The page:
The very room we were sitting in and its birds-eye view would have been a novelty in bourbon tourism just 15 years ago. One of the perks of being a new-age distillery in Kentucky a decade ago was having the chance to build the distillery in a way that welcomed the community. Today, The Tower Room occasionally doubles as a larger outlet for that cozy The Aquifer Bar and those artichoke cocktails I mentioned earlier, but for the most part, its served as an event space and a tasting room since the distillery opened in 2014.
Erisman laughed as he told me this. When New Riff first opened The Tower Room, the team thought "who’d want to get married in a distillery."
Turns out, a lot of people.
Now that the distillery has established itself as a destination and the laws have evolved to meet Kentucky's tourism boom, he has a different vision for the space.
A place to try new things, revisit old favorites
Distilleries across the board struggled with operating experiences during the height of the coronavirus pandemicshutdown, but now since it has waned some, he’s excited about the new ventures. Once New Riff closes out the last few weddings it has on the books, he’s eager to recast The Tower Room’s role at the distillery into something that resembles a watering hole.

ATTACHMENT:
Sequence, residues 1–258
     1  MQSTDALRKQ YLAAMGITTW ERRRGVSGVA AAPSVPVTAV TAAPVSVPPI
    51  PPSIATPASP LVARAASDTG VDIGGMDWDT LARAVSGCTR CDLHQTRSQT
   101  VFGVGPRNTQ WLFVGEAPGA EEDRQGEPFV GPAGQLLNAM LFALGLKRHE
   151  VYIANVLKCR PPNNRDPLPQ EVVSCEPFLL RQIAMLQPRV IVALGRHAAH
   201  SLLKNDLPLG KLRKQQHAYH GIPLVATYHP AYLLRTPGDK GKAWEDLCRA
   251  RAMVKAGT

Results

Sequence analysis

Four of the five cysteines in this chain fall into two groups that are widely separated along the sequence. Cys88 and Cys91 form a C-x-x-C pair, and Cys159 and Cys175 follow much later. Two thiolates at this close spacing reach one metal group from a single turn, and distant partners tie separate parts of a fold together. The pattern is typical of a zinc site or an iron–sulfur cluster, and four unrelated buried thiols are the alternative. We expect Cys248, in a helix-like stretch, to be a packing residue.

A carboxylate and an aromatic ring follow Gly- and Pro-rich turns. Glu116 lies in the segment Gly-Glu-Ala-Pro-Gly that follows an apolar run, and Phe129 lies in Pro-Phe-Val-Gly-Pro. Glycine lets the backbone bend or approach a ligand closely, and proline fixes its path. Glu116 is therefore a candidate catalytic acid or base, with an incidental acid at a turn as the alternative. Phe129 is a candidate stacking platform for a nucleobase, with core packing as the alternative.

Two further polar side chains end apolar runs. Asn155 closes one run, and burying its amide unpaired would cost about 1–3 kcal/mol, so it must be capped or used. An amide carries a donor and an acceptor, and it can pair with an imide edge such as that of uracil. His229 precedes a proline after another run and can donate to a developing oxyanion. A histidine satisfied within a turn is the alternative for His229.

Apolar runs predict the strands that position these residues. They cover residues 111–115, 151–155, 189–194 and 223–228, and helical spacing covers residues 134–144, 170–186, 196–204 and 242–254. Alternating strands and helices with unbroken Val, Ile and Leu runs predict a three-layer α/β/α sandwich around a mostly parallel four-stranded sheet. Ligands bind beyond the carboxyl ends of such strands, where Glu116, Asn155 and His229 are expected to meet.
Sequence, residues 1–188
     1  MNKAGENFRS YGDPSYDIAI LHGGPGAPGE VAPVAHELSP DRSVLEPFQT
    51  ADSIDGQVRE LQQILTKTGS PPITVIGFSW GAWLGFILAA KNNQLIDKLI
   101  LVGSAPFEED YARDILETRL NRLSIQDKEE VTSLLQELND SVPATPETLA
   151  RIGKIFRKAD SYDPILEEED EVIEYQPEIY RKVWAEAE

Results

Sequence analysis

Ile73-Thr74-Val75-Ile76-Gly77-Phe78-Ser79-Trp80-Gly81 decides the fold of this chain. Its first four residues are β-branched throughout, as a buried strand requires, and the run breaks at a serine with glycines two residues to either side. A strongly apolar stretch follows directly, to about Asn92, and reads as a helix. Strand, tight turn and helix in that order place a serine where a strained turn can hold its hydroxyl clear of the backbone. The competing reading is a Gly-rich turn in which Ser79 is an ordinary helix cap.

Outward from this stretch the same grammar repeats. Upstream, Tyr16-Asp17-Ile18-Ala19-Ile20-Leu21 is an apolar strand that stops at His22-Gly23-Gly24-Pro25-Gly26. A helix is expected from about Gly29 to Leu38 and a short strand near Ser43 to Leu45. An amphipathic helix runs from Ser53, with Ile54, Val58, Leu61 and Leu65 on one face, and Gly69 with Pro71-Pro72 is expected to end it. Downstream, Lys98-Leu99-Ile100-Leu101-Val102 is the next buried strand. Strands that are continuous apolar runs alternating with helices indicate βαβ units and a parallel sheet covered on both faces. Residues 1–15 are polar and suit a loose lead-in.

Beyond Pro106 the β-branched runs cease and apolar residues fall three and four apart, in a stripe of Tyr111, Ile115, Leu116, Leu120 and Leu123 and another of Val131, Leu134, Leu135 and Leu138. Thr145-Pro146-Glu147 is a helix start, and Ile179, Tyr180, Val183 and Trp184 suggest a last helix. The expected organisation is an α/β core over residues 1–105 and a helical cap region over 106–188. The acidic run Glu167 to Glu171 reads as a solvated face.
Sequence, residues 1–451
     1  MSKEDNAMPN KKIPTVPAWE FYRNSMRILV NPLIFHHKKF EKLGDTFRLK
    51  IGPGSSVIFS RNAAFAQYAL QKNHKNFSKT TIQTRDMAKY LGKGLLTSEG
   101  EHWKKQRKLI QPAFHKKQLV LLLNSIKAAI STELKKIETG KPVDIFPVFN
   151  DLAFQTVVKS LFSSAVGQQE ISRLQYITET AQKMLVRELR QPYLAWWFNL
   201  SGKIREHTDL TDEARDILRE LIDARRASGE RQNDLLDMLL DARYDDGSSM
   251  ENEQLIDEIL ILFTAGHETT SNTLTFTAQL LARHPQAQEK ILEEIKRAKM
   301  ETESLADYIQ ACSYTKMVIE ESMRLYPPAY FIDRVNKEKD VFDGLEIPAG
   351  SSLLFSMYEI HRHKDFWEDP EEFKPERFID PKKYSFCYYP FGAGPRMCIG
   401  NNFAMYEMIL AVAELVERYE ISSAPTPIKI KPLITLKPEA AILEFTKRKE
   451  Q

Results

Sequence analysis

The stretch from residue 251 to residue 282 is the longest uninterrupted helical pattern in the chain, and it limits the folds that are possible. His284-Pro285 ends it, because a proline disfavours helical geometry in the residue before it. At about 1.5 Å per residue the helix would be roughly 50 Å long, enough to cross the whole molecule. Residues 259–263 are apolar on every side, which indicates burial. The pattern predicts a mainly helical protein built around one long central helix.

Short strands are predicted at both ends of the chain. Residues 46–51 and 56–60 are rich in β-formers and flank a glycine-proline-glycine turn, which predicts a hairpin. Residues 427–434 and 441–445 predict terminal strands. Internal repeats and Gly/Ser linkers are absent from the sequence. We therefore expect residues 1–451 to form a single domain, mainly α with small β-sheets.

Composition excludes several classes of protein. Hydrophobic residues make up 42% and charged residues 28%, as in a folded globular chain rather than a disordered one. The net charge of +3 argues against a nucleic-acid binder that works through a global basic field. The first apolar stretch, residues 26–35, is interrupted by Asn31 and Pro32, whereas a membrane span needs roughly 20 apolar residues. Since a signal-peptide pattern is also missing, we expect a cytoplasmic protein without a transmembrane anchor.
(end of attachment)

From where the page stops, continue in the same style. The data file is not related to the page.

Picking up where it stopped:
Weddings have been fun, Erisman said, but the space should help connect visitors to the whiskey. That doesn’t necessarily happen when they're ordering in cases of domestic beer because that’s what the bride’s uncle likes to drink. This wouldn’t be a 2 a.m. kind of joint, he said, but it makes sense that the best New Riff cocktails would come from the people who know the spirits most intimately.
I wondered if that intimacy was how they landed on that artichoke negroni downstairs, but instead, he took me in a completely different ― almost eyebrow-raising ― direction when I asked him what his favorite cocktail was.
It would be a "heretical" answer in Louisville, but he's not from Louisville. He’s from Northern Kentucky, and so he enjoys mint juleps with … rye.
New Riff’s Bottled In Bond Rye has a unique, almost spearmint property to it, he explained. It’s not like an Altoid or toothpaste, but a crisp, refreshing mint.